Greater dialogue needed as breakdown in moral values evident – Bishop Egdhill

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…says in the aftermath of foiled bank robbery

Bishop Juan Edghill

A prominent religious leader in Guyana has indicated that the recent foiled bank robbery which involved young educated professionals points to a breakdown in moral values in society, and this incident should be used to inspire greater dialogue in communities and homes across Guyana, as the trend of crime and violence may have shifted.

Bishop Juan Edghill said the event was frightening because while in the past, communities were profiled and particular individuals were profiled as criminals, in what played out on Tuesday, most of the robbers came from ‘decent’ backgrounds, but they were influenced to commit a criminal act.

“Somehow, they are being influenced to go in a direction that will break the heart of any parent and will cause serious introspection even in the religious community,” Bishop Edghill said.

From a religious standpoint, Edghill told this publication that religious leaders would now need to check to see if their messages were appropriate and whether the methods used were effective.

“Or are we just going through the motion? I think it’s a good time for religious leaders to go back to the drawing board and pay serious attention to children and youth and the structure of the family. When I say special attention should be paid to children and youth, I am talking about the impartation of values, ethics, principles and the instilling of deep moral perspectives,” he added.

Certain sections of the media have reported that the slain robber Elton Wray was motivated to commit the robbery by his desire to get quick cash to facilitate an overseas trip to visit his girlfriend. Edghill said if this information was factual, it showed that the men did not think things through.

“For them to execute this robbery, it called for some amount of planning. Did no one try to talk the other one into rethinking that this might not be the right way to go? Was this as a result of some movies they were looking at? Are they having an intellectual author that remains unknown? These are very serious questions and we have to ask these questions,” he stated.

If this was the case, the religious leader said, the authorities would, therefore, need to look at ways to develop targeted approaches to infiltrate communities. He said the conversation about youth crime and violence should commence now and should never stop.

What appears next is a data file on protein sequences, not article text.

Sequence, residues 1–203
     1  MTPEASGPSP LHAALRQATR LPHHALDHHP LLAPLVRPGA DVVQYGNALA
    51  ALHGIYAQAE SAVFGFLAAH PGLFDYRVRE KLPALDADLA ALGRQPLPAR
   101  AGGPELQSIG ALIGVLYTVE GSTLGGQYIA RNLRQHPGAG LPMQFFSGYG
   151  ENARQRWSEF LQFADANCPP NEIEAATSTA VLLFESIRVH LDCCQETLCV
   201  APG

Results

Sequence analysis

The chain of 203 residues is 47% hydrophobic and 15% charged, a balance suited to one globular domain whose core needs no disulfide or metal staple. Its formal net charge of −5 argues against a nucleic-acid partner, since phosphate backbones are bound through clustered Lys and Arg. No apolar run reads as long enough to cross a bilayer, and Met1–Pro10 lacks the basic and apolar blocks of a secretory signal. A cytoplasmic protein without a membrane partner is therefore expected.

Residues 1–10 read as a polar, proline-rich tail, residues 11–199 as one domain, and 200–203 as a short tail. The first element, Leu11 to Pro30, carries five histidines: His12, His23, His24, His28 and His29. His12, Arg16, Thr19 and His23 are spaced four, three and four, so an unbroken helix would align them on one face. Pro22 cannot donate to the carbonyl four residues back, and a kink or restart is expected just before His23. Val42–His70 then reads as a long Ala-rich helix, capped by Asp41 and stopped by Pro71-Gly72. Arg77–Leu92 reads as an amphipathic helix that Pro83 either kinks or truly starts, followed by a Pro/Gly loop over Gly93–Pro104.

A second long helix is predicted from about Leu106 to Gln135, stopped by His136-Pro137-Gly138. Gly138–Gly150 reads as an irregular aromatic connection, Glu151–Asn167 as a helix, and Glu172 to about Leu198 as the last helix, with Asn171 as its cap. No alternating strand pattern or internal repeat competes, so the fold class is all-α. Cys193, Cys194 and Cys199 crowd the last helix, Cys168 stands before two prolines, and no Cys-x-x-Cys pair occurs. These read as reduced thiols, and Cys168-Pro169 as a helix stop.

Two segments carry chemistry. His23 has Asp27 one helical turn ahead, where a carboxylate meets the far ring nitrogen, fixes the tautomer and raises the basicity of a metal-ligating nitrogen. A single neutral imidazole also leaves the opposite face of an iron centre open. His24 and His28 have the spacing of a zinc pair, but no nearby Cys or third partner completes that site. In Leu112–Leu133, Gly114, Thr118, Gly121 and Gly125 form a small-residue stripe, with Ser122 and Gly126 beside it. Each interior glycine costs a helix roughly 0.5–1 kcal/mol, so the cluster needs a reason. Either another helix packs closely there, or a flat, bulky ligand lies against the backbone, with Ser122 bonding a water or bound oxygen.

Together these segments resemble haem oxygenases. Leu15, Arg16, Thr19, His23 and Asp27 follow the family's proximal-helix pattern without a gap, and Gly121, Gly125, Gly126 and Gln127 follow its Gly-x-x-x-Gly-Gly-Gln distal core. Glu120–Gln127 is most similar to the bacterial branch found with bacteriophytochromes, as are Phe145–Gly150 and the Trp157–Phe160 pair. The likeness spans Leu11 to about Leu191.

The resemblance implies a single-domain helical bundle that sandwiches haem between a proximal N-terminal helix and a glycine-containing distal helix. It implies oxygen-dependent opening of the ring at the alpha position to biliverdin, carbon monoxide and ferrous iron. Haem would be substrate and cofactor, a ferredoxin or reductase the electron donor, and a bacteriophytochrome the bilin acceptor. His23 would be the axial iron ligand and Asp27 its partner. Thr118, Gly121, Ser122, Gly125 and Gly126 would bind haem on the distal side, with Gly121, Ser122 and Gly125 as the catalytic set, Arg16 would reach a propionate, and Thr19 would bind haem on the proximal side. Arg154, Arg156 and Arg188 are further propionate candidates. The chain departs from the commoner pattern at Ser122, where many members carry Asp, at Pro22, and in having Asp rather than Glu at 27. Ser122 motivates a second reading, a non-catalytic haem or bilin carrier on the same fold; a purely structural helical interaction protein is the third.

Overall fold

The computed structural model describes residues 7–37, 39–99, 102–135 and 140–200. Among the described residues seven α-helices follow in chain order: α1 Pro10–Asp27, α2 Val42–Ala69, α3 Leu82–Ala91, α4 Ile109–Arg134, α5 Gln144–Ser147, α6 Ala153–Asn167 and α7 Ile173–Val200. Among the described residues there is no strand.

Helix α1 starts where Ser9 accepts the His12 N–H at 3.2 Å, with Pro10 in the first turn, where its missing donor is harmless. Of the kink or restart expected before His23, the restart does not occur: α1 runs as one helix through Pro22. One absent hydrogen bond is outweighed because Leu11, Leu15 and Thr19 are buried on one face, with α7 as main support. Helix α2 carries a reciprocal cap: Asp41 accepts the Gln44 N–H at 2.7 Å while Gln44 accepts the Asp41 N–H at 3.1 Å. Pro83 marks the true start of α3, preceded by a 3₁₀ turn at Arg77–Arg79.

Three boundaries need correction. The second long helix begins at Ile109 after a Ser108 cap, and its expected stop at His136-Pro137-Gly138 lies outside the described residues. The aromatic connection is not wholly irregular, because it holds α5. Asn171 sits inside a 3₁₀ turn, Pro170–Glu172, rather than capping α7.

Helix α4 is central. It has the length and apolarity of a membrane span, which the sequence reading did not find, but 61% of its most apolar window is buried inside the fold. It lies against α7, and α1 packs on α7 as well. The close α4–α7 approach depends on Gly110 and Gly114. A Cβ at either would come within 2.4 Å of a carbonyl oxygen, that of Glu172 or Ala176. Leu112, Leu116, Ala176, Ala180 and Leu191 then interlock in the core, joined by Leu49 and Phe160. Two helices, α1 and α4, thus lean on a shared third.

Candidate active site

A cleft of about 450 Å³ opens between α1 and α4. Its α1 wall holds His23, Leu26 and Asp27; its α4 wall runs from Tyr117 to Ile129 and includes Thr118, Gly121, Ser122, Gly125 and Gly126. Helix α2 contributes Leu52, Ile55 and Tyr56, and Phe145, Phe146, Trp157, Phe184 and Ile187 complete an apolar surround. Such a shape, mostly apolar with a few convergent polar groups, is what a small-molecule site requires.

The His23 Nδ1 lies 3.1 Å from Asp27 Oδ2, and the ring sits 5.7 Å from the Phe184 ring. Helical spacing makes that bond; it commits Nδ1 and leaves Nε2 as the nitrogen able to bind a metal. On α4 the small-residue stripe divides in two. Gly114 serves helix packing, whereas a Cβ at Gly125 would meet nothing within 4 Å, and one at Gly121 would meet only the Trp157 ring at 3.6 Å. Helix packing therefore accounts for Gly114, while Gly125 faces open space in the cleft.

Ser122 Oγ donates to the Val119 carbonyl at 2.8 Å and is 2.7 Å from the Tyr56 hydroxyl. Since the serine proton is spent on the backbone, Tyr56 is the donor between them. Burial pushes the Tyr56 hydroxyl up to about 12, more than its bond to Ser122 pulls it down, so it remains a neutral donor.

Edghill said there was no need for persons to be too surprised by the people that were involved in the bank robbery, especially Wray, because according to him, there have been many recent examples where University of Guyana graduates and students were placed before the courts for many offences.

“And that is something in itself we have to worry about. There is no longer that perception that the uneducated youth are looking for a hustle that is going to draw to a gang or violence. We are seeing a different approach and we must ask ourselves why that is so,” he added.

The foiled bank robbery, he said, also highlights the need for fathers to play a more active role in their children’s life, particularly their sons. “This is a good call for fathering and not just parenting. But as a man with a son, this is a real call for us to get closer to our sons in conversations, even when they meet an age of maturity. We just don’t loose them wild, but we remain that lighthouse to give them direction so that their ship will not go astray and fathering in the sense of mentoring and maintaining a relationship.”

Edghill continued: “As a father, I could imagine the agony and pain of the father, the shame of the family. But I think all of us, all men, should take a look and embrace your sons and check up on him a little bit more. Checking up their friends, influence the conversation and activities they get into, have an input in their associates and where they are going and their general programme.”

The three bandits involved in Tuesday morning’s attempted robbery at Republic Bank’s Water Street branch were all educated men.

Wray had a degree in agronomy which he earned at a university in China. Wray’s father holds a senior position in the Guyana Police Force. The dead man’s accomplice, Jamal Haynes, at the time of the robbery, was a staffer of Republic Bank and it is believed that he was the one who set up the robbery owing to his inside knowledge of the Bank’s operations. The other suspect worked at a local photography business in Georgetown.

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